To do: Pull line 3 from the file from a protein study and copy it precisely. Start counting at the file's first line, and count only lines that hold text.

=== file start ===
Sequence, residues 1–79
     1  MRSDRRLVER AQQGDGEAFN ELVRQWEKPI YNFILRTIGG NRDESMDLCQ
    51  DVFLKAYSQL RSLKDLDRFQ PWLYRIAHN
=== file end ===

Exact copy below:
    51  DVFLKAYSQL RSLKDLDRFQ PWLYRIAHN